Last week, I started a conversation about our spiritual lives and concluded that just because we are getting older doesn’t mean we are getting better. And I want to continue that conversation over the next several weeks as I debunk some popular spiritual myths that tend to hold us back from experiencing God’s fresh, vibrant power in our lives.
You see, I’m really getting frustrated as I watch good people (that I care about) get sucked into a counterfeit Christianity that slowly suffocates them spiritually. It angers me when I watch someone find their way back to God and then become drained and dulled as they buy into some of the popular myths that get sold from pulpits, Christian radio and bookstores and even the lips of well-meaning church goers. With the commercialization of Christianity in America we’ve lost touch with some of the critical components of a healthy spiritual life. Here’s the first of several unhealthy spiritual practices.
#1: We overvalue sermons and undervalue community and the spiritual disciplines.
I know, I know - - I’m a preacher, how could I say that about sermons? Some of you even tell me that you like the messages we deliver each week at Journey’s Crossing – and that’s good! And don’t worry, Darin and I will continue to develop our teaching gifts and work hard at bringing the best word we can every Sunday.
But hear me out - I’m not saying that sermons aren’t helpful. They’re just insufficient. The meat of the sermon isn’t in the delivery itself but in the conversations and actions that take place around it. When I think about the people who have helped me grow spiritually, I do include some preachers and I can even think of some specific messages. But these men and women influenced me not by sharing a single teaching, but by sharing their lives with me, both in public and in private. These are people who teach what they already live. It's not the sermon, so much. It's them.
See, it’s very popular in the American church to confuse biblical information with spiritual transformation. We mistakenly think that we grow more spiritually when we hear sermons that are “deep” because they give us biblical data we didn’t know. Or they use “churchy” words we may not understand. Or they make us feel guilty for not measuring up.
From Jesus’ perspective, “deep” had as much to do with the application of the message as it did with the information in the message. He regularly shared that responsibility lay not just on the teacher but equally on the listener. That’s why Jesus constantly said things like, “hear my words and put them into practice.” (Luke 6:47, 8:21, 11:28)
Jesus knew that authentic learning wasn’t just in the acquisition of more biblical information. He knew that true learning happens when God’s Word is exposed and the listener applies that truth to make changes in their everyday life. Good teaching focuses on truth and application and good listening on living out that truth as we apply it to our everyday lives. When we do the difficult work of making changes in three key relationships; with God, with others and in the way we relate to our world – that’s when it truly gets deep!
We need church people in our lives who are willing to discuss, challenge and encourage us to live out the applications of God’s exposed truths each week. And they need you to do the same. That’s why regular attendance on Sunday’s is so vital – not just because of the preaching and teaching but because it connects us to a larger community that shares a new way of living.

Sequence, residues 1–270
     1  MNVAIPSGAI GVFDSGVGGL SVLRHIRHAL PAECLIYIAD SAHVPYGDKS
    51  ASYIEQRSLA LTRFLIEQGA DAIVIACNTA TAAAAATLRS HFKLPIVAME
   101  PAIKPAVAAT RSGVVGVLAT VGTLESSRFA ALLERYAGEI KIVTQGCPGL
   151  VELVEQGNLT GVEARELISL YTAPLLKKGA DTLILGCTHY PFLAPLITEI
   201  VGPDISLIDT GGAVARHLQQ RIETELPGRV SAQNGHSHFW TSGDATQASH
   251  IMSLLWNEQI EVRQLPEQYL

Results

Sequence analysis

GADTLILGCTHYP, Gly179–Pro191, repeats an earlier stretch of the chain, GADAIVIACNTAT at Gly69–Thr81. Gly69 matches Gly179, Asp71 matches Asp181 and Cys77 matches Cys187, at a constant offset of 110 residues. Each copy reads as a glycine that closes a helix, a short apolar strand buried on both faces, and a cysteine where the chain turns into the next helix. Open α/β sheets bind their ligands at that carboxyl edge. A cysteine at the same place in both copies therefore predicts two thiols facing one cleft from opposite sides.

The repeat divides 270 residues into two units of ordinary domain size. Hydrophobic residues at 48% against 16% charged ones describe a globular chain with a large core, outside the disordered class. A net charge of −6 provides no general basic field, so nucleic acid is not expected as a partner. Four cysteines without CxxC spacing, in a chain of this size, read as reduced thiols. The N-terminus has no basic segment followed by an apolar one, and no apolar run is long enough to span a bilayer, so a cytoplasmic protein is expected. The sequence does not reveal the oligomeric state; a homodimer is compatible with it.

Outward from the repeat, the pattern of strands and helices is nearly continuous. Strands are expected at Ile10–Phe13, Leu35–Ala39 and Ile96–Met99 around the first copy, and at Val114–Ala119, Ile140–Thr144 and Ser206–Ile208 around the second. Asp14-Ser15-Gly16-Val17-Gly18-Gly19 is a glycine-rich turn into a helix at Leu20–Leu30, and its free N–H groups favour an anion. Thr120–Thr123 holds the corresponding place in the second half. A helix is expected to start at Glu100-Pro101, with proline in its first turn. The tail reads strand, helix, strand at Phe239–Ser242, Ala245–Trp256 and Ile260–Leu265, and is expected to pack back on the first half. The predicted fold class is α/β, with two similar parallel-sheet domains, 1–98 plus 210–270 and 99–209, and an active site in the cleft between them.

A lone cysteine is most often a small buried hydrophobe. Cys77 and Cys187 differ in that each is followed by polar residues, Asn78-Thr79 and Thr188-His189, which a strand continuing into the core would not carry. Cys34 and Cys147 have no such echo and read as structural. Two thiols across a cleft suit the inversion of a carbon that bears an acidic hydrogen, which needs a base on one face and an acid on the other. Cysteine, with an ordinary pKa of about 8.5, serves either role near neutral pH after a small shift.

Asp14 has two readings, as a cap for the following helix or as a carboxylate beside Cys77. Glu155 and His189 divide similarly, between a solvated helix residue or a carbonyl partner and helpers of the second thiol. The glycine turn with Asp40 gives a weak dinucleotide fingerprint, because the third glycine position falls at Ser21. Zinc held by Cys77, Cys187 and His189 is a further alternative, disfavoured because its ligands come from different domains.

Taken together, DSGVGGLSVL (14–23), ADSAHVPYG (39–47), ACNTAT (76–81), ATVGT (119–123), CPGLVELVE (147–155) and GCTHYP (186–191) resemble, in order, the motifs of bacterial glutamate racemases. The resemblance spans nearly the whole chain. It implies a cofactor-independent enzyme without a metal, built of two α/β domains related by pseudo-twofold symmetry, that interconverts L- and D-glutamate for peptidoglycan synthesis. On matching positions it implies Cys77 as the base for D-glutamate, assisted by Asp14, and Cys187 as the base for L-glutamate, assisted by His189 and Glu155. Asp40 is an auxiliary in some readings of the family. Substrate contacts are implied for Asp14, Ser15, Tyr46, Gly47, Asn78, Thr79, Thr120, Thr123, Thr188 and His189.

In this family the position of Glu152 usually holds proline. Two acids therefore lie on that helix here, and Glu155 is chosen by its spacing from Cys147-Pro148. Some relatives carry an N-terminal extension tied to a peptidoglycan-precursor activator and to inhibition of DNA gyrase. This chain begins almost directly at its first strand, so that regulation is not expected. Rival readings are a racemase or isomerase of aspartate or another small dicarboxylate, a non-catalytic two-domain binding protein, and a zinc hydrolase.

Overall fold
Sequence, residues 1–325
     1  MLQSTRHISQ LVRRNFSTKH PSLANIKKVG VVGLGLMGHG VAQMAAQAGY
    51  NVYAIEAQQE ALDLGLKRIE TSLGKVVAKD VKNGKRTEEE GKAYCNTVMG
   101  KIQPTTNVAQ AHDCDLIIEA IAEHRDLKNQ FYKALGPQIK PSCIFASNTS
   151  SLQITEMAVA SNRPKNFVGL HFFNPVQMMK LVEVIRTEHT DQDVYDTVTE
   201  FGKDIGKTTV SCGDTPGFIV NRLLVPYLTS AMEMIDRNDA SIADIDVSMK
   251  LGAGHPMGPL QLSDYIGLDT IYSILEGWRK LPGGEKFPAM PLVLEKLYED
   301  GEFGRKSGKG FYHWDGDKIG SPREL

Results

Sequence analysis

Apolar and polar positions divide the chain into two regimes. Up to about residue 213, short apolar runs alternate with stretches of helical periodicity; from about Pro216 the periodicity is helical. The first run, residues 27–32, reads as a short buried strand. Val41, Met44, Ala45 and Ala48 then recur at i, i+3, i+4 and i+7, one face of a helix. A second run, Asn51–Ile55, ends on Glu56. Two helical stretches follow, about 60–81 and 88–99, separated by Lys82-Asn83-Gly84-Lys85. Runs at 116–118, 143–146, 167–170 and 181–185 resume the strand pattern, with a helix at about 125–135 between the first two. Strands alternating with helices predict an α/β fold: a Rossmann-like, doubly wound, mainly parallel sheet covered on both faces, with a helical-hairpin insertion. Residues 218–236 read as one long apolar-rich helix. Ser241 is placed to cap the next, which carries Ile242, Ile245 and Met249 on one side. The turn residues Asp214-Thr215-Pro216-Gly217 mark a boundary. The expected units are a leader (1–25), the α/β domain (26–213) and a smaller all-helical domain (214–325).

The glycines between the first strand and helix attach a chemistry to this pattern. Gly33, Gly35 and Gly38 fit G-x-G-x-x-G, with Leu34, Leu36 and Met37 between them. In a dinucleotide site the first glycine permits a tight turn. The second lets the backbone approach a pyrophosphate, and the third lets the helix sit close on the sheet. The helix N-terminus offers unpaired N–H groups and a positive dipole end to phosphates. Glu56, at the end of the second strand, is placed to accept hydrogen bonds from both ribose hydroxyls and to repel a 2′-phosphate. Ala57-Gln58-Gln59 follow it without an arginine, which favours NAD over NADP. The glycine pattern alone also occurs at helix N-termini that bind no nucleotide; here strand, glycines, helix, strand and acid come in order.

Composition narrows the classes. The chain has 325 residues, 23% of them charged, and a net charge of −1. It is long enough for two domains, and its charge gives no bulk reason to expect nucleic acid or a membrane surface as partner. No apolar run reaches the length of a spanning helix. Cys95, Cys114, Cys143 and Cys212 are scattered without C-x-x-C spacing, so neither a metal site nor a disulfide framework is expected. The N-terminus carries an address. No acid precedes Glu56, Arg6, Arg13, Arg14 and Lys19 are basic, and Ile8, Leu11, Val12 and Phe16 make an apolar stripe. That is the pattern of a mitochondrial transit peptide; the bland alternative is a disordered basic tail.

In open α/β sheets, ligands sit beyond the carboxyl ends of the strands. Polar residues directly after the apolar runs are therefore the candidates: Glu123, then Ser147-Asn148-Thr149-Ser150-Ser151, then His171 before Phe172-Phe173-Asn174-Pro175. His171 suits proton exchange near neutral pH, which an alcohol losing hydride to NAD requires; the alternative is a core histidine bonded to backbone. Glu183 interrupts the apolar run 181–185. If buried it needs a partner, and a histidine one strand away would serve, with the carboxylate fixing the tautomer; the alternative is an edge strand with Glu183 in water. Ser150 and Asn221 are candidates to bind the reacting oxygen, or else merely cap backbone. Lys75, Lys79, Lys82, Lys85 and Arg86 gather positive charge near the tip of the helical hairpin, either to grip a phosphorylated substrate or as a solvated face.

And that’s why small groups and classes are helpful, because they take the truths you were exposed to on Sunday and remind you to keep living them out mid-week. That’s why regular self-feeding through Bible reading and prayer is so necessary, because it invites the Holy Spirit to help you change and live out the application of those messages – and trust me, you can’t do this without God’s help.
But a lot of people don’t want to do those things – it’s far easier to believe that the latest book, conference, popular message or another church will do the trick – but they won’t. Not if we aren’t willing to apply what we are learning in our relationships with others and God.
So, don’t get sucked into this popular misbelief and watch out for those around you who have bought into this lie. If someone regularly blames their lack of spiritual passion on a preacher, the style of a church, or the content of a message, just know that they probably aren’t taking responsibility for their own spiritual health. My guess is that they aren’t applying the truths of the messages they hear or they aren’t having positive, encouraging conversations with others about those truths, or they aren’t investing regular time in the personal disciplines of bible study and prayer.
As I said earlier, the meat of a sermon isn’t in the delivery, it’s in the conversations and actions that take place in our lives around it, and good teaching should make it easy to talk about and apply. So make sure you and your family are at JC every Sunday and that you are surrounding yourself with others who can help you practice what’s been preached. At Journey’s Crossing, we can’t help you too much with the getting older part but we can help you get better spiritually – but you have to understand that it’s a team effort and you have to do your part as well.